Group Motivational Interviewing for Homeless Young Adults

Associations of Change Talk With Substance Use and Sexual Risk Behavior

Published in: Psychology of Addictive Behaviors [Epub June 2017]. doi: 10.1037/adb0000288

Posted on on August 04, 2017

by Elizabeth J. D'Amico, Jon M. Houck, Joan S. Tucker, Brett Ewing, Eric R. Pedersen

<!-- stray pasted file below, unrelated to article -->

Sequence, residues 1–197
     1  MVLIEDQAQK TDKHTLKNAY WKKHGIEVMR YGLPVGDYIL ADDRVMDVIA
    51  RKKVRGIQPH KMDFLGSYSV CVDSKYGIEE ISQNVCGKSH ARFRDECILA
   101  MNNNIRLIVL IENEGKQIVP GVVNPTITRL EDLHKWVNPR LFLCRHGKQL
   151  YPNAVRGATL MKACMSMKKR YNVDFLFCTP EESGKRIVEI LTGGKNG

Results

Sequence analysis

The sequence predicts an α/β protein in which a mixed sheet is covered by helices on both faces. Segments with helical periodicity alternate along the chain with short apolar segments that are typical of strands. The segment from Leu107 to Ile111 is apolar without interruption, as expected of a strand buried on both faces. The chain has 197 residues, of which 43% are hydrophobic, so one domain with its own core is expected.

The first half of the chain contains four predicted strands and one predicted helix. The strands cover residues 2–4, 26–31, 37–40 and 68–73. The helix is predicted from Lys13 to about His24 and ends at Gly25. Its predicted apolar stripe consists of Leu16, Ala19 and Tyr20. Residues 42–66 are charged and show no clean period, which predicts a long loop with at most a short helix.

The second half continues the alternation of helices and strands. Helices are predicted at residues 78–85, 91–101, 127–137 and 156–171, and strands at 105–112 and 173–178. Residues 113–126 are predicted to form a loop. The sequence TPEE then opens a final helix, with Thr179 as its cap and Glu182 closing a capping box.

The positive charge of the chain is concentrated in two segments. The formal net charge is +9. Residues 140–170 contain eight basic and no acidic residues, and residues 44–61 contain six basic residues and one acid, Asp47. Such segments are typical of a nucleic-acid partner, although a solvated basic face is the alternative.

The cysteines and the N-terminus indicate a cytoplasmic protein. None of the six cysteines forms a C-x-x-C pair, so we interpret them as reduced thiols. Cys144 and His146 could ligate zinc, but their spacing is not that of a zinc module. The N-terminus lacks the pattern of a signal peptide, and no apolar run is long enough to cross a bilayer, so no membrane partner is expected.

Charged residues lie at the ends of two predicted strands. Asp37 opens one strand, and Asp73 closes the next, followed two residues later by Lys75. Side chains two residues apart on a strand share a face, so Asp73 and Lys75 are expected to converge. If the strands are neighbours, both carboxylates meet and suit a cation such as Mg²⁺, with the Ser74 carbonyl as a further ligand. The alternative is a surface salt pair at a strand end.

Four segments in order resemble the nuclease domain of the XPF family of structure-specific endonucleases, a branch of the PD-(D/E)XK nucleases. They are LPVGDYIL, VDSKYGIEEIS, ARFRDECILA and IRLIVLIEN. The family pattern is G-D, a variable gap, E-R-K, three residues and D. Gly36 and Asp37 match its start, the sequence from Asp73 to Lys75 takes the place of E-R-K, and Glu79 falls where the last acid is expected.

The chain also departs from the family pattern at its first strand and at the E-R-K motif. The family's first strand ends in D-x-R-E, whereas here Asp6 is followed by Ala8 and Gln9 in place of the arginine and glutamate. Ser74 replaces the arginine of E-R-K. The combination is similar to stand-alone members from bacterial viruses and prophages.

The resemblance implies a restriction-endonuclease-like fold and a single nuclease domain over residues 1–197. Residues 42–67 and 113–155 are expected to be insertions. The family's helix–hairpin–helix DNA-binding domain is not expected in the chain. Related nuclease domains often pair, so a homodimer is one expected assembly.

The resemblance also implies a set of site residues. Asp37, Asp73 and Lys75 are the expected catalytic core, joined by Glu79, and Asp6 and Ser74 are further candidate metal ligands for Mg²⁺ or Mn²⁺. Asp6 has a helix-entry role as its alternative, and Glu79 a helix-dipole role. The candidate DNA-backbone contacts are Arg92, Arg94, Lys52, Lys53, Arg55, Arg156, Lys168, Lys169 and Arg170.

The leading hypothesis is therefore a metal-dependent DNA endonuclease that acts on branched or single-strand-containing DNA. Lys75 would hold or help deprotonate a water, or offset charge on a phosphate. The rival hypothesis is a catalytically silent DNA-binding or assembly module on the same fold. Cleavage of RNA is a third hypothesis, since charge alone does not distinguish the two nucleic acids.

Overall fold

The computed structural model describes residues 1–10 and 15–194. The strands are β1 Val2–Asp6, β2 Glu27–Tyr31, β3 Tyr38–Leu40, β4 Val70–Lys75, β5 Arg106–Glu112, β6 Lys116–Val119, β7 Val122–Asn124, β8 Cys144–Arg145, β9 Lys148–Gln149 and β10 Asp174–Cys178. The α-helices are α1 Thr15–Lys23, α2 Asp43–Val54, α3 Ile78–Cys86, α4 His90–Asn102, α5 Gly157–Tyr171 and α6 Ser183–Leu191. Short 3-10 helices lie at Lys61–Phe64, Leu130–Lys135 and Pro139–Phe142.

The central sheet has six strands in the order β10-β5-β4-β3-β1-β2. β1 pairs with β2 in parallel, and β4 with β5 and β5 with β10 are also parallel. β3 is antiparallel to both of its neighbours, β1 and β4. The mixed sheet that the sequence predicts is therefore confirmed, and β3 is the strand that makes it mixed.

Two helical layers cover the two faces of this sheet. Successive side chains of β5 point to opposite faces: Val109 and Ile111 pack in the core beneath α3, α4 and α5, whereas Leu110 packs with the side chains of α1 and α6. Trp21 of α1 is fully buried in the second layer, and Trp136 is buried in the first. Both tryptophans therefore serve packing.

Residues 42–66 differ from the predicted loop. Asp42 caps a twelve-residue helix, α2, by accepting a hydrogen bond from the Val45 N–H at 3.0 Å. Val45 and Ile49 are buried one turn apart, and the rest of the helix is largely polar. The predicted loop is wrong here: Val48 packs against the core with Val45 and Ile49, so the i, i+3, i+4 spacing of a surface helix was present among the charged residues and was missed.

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Homeless young adults exhibit high rates of alcohol and other drug (AOD) use and sexual risk behaviors. This study is a secondary analysis of data collected in a randomized clinical trial of AWARE, a new 4 session group motivational interviewing intervention. AWARE mainly focused on alcohol use and sexual risk behavior given focus group feedback. We used sequential coding to analyze how the group process affected both AOD use and sexual risk behavior at 3-month follow up among homeless young adults by examining facilitator behavior and participant change talk (CT) and sustain talk (ST). We analyzed 57 group session digital recordings of 100 youth (69% male, 74% heterosexual, 28% non-Hispanic white, 23% African American, 26% Hispanic, 23% multiracial/other; mean age 21.75). Outcomes included importance and readiness to change AOD use and risky sexual behavior, AOD use and consequences, number of partners and unprotected sex, and condom self-efficacy. Sequential analysis indicated that facilitator open-ended questions and reflections of CT increased Group CT. Group CT was associated with a lower likelihood of being a heavy drinker 3 months later; Group ST was associated with decreased readiness and confidence to change alcohol use. There were no associations with CT or ST for drug use or risky sexual behavior. Facilitator speech and peer responses were related to CT and ST during the group sessions with this high risk population, which were then associated with individual changes for alcohol use. Further research is needed to explore associations with drug use and sexual risk behavior.

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